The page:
A new article by Washington and Lee law professor Lyman Johnson is featured on the popular Legal Theory Blog, managed by Georgetown law professor Lawrence Solum. Here is the posting, which includes the paper abstract.
Johnson on Virtue Ethics, New Institutional Economics, & Delaware LLC Fiduciary Law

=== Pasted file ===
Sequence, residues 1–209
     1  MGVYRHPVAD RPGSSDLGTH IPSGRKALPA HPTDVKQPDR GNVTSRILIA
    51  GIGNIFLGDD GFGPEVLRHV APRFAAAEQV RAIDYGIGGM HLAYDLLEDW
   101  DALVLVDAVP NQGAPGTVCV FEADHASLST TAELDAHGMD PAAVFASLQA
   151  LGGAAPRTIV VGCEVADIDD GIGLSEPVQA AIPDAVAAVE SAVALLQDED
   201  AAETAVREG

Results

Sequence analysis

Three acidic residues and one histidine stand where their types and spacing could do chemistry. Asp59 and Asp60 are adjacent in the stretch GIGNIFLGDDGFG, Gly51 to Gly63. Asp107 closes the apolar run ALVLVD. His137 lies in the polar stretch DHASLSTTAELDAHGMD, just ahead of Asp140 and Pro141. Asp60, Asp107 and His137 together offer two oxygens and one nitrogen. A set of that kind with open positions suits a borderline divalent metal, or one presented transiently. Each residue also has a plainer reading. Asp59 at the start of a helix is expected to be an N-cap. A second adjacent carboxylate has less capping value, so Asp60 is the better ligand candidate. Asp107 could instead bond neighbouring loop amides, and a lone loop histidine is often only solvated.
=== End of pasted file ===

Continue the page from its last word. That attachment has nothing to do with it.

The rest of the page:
- This essay, a forthcoming book chapter, examines the recent flux in Delaware LLC fiduciary law (and lawmaking) through the perspectives of New Institutional Economics (NIE) and the virtue ethics tradition. Delaware’s recent unsettledness as to whether default duties apply to LLCs can be understood as an instance of dynamic regulation in a common law setting. Given bounded rationality and incomplete contracting, such “dynamic” regulation emphasizes experimentation, observation, adaptation, and rule revision as part of an ongoing process of regulation. Various institutions – such as legislators, judges, lawyers, private organizations, and social norms – serve as mechanisms through which key actors interact with and adapt to other actors as rules evolve, often incrementally over long periods, but occasionally with more evident and rapid bursts of change when existing rule-optimality is questioned. Dynamism is not at odds with the goal of determinacy; it is the process by which, over time, greater determinacy is achieved under conditions of change. Joined with the virtue ethics tradition’s emphasis on the development and exercise of core virtues (such as loyalty and fairness) in human relationships, dynamic regulation provides a theoretical account of Delaware’s recent experience with LLC fiduciary duties.